Utah has joined an elite club making financial services more innovative, competitive and responsive to people’s changing needs.
House Bill 378, sponsored by Rep. Marc Roberts, R-Santaquin, and signed by Gov. Gary Herbert in March, made Utah the third state to establish a “regulatory sandbox” for next-generation financial products.
Services like Venmo, the popular cashless transfer app, are changing things for the better, but some can’t get past regulations designed for another era. Utah’s project could help change that, and bring business and jobs with it.
What is a “regulatory sandbox?” It is a tool that allows firms trying new and innovative things to test their products, for a limited time, on a limited number of willing customers. In this relaxed regulatory environment, businesspeople and politicians can assess whether products work and comply with the law. Critically, however, firms are still required to protect consumers and compensate them if the test fails.
Why have a regulatory sandbox? Because technology is changing how financial services are provided, but regulation has not kept pace. This means good ideas and innovative new businesses can be sidelined due to outdated rules. The pace of technology also make regulators’ jobs difficult.
The ultimate victims of both of these problems are consumers, who are denied the benefits of a maximally innovative market and regulations that best protect them. The sandbox is meant to address these problems by providing a vehicle for collaboration between firms and regulators. Firms experiment and regulators learn.
There is another potential benefit to Utah’s sandbox: It might encourage innovative firms to relocate to, or remain in, Utah as opposed to going to traditional tech or finance hotbeds like San Francisco or New York. As firms experiment and gain valuable market validation within Utah, the relationship between the state and the firm may become “stickier,” and in turn result in more jobs and tax revenue.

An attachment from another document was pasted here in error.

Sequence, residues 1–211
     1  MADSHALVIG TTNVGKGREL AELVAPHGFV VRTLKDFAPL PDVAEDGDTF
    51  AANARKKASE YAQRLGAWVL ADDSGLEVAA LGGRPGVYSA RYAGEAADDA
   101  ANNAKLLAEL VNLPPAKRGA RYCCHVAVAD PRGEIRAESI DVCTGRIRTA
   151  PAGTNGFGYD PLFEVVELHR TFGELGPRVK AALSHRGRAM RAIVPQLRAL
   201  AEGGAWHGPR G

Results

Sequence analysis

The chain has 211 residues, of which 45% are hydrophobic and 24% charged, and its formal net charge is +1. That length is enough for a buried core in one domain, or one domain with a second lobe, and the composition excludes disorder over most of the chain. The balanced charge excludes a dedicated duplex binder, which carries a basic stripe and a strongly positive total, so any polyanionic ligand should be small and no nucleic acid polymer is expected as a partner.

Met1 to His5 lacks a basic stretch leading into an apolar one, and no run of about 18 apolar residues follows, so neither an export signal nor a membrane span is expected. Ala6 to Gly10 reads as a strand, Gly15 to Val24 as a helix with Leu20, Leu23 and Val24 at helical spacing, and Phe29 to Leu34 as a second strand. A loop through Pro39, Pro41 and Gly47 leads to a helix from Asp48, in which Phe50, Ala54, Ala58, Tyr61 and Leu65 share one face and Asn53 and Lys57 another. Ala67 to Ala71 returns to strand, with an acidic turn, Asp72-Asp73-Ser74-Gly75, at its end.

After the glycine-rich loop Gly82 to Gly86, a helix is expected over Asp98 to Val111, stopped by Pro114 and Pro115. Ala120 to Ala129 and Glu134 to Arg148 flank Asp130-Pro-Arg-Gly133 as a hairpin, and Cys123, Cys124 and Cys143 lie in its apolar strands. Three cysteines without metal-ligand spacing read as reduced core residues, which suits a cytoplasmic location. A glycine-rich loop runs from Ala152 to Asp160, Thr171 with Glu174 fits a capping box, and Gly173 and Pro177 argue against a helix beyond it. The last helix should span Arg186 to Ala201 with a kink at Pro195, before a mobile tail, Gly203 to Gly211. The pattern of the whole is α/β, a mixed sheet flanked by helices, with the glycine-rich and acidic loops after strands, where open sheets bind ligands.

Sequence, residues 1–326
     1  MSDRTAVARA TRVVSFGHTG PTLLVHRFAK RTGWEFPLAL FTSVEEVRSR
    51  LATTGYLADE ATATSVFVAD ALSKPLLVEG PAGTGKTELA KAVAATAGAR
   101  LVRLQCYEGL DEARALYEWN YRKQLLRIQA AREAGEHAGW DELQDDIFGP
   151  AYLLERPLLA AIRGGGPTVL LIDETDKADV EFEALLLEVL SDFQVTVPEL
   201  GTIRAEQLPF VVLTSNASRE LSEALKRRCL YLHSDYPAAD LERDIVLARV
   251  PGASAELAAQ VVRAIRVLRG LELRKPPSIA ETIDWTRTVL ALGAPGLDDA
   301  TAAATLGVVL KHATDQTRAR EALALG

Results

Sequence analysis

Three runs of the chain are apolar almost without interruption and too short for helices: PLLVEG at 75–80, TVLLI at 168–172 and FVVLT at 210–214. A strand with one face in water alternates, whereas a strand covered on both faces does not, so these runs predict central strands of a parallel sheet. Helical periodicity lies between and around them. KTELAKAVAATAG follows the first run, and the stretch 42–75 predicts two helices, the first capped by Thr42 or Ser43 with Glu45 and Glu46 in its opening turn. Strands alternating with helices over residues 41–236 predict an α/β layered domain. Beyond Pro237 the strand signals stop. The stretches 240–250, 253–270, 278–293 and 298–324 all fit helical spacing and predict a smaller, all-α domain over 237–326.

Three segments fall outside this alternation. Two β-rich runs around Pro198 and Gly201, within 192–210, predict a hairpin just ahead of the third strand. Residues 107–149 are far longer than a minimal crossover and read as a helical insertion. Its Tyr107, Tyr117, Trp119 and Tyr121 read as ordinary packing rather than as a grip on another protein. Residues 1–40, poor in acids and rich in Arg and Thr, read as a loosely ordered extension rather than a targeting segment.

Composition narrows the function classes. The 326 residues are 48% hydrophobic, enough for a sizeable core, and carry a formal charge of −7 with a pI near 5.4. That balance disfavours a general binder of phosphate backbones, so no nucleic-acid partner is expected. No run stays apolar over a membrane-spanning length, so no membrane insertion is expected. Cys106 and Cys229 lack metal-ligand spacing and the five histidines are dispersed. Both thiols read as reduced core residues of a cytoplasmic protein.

This isn’t to say there are no risks to a sandbox. With any experiment, there is a risk of failure that could result in consumer harm. That is why Utah’s law requires that firms seeking entry to its sandbox spell out credible consumer protection plans. This is designed to ensure that only firms with the means to execute those plans are allowed to experiment. Participating firms are also required to clearly disclose that the product is experimental, and that being in the sandbox does imply an endorsement by the state.
Another, less obvious risk posed by sandboxes is the risk to competition. Any advantage for one firm could be a harm to its competitors. This is not unique to a regulatory sandbox, however. Every regulatory system has winners and losers. Utah’s sandbox mitigates the risk to competition by weighing a competitor’s presence in the sandbox as a point in favor of admitting a firm.
It also provides for an annual report with recommendations for improvement to be provided to the Legislature, in part to help prevent the sandbox from becoming an undue source of cronyism or government-granted privilege. Hopefully, this report will also help ensure that anything learned from the sandbox experiments, other than legitimate trade secrets, will be made public and the market generally can use it.
Regulatory sandboxes are an exciting idea with lots of potential, but like everything else, it will depend on good execution. Utah’s legislature has made a significant effort to establish their state as a place for innovation and competition.
Whether it will pay off remains to be seen, but there are reasons to hope that it will work. Ideally, Utah’s example will inspire other states to make their own laws more open to what the future can bring.
Brian Knight is a senior research fellow and director of innovation and governance with the Mercatus Center at George Mason University, Arlington, Va. He spoke with a sponsor of the legislation in an educational capacity.
Correction: 9:39 a.m., May 6, 2019 • A photo that incorrectly identified a legislator as Rep. Marc Roberts was replaced.